Strategy, Science, Statistics: That’s a Bingo!

What do you really know about winning Bingo?

Bingo’s typically regarded as one of those games that’s entirely dependent on luck, rather than skill. “How can it possibly include skill,” you ask, “it’s all about buying the right board!”

It’s no secret that for every game of chance the world over, there are always those convinced that they have the inside track—and that you could benefit from it as well. Some of these are well-documented, sound options.

Poker, blackjack, roulette, and even online slots strategies are some of the most popular you’ll see on a day to day basis—but what about Bingo? Is there really a system out there that can help you win more consistently?

Get ready to cast away your lucky rabbit’s foot: we’re about to blow your mind.

Winning with Granville’s System

Our first contender is an American financier and investment seminar speaker, Joseph E. Granville. Known for his showmanship and highly quotable personality, Granville’s the founder of a bingo system based on statistics.

This beloved system is considered a strong strategy by statisticians and players alike. It’s fairly simple to understand. To beat the odds and make bingo one of the games with the highest payouts, just keep this in mind.

In a seventy-five-ball game, there’s a one in seventy-five chance for each ball being selected. Therefore, you can state that the number of balls ending with 1, 2, 3, 4, etc. have an equal chance of being drawn at the start. Because there’s also an equal number of even and odd balls—and high and low--, the probability of these numbers coming out first is the same.

Using these statistics, Granville suggests that 60% of the first ten balls drawn will have different last digits.

This makes sense because if, for example, a ball ending in a five is drawn, subsequently there are fewer balls ending in 5 remaining in the game and the probability of a five being drawn next drops.

But how do you use it? The system is based on three main principles: balance, diversity, and tracking.

Your first goal is to balance the bingo card. Granville believed that a balanced bingo card increases your chances of winning. In order to achieve that balance, you should choose cards that have an equal number of high and low numbers, odd and even numbers, and numbers that end in different digits.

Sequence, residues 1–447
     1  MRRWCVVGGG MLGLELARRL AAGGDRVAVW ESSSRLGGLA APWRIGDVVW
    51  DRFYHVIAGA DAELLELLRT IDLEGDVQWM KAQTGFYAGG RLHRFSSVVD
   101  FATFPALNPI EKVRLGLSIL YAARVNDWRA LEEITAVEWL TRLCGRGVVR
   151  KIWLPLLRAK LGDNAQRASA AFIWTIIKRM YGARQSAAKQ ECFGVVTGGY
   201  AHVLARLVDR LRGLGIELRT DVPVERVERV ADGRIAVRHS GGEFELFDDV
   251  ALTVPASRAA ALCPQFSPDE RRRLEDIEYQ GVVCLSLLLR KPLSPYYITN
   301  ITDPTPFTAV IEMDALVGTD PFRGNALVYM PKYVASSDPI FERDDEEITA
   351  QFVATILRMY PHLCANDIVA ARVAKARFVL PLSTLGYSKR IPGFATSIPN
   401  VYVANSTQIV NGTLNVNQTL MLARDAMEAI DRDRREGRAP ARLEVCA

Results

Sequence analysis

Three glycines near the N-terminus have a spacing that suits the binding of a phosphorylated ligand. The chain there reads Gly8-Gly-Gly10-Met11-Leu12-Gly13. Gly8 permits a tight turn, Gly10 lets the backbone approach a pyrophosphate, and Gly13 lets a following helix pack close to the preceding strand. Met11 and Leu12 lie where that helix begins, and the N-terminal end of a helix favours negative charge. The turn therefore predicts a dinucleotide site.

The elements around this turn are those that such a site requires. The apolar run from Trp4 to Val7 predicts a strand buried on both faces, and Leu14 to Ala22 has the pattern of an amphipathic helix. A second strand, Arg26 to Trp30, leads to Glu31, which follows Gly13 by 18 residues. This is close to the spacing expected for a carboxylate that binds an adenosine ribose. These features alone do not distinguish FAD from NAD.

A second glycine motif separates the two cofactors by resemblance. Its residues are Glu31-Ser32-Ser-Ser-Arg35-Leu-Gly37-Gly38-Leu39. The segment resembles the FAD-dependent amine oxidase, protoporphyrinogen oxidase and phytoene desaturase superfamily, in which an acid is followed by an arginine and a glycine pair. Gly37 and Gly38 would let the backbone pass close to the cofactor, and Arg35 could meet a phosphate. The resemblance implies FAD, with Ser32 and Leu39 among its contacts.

Second, you should choose cards that have a diverse range of numbers. The reason is simple: the more diverse numbers on the card, the more likely it is that the winning numbers will be on the card. Therefore, always look for cards that have numbers spread out across the entire range of possibilities.

Finally, tracking: the third principle of the Granville system is to track the numbers that the dealer calls during the game. Granville postulated that by tracking the numbers that have been called, you’ll be able to better identify patterns and use that information to your advantage. It’s easy! Just make note of the numbers that have been called and adjust your strategy accordingly.

Tip(pett) the Odds in Your Favor

Our other bingo hack for you comes straight from Great Britain. Trust the English to bring bingo up to par with some of the other most beloved, challenging casino games!

British statistician L.H.C. Tippett believed that there was a way to predict the length of a bingo game based on the numbers that were drawn. The longer the game lasts, the more likely it is that the numbers drawn will be closer to the median number.

In contrast to Granville, the Tippett system is based on two main principles instead of three, both depending on the length of the game.

The first principle is that the more numbers called out in a game, the closer the average of the called-out numbers will be to the median number. If you think back to your elementary math classes, you’ll remember that the median number is halfway into the set: for seventy-five (as in seventy-five balls), the median is thirty eight.

Because of this, if it’s going to be a longer game, you should choose cards with numbers as close to 38 as possible.

The second principle of the Tippett system is exactly the opposite: in a short game, the numbers the dealer calls will be closer to either end of the number range than in the middle: so one, or seventy-five, the highest and lowest numbers on the card.

Therefore, if it’s a short game, you should choose cards with numbers that are in the extremes of highs and lows, rather than the mid-range: as close to one or seventy five as possible.

The trick is in knowing whether the game will be short or long. How many balls will be called?

It’s all about the rules of the game, baby.

It depends on the style you’re playing. If you’re playing games with the more standard, simple winning patterns (such as horizontal, vertical, or diagonal), the chances are that fewer balls will be needed in order for someone to win. In this case, choose the cards with the numbers on either side of the spectrum: highs and lows.

If, in contrast, you’re playing a game that has a more complex winning pattern, such as blackout bingo (where you must cover every single spot on your card in order to win), it stands to reason that it’s going to take a ton more balls being called in order to find a winner

If this is the case, you’re going to want to find a card that has numbers as close to the median as possible: right around that 35 point.

Don’t be afraid to experiment! While there’s no foolproof way to guarantee a win, the savvy gambler is always going to combine these two methods to make sure that they’re getting the most bang for their bingo—and cash for their card.

Samuel Read profile image Samuel Read LCB Reviewer - last updated 2023-05-05
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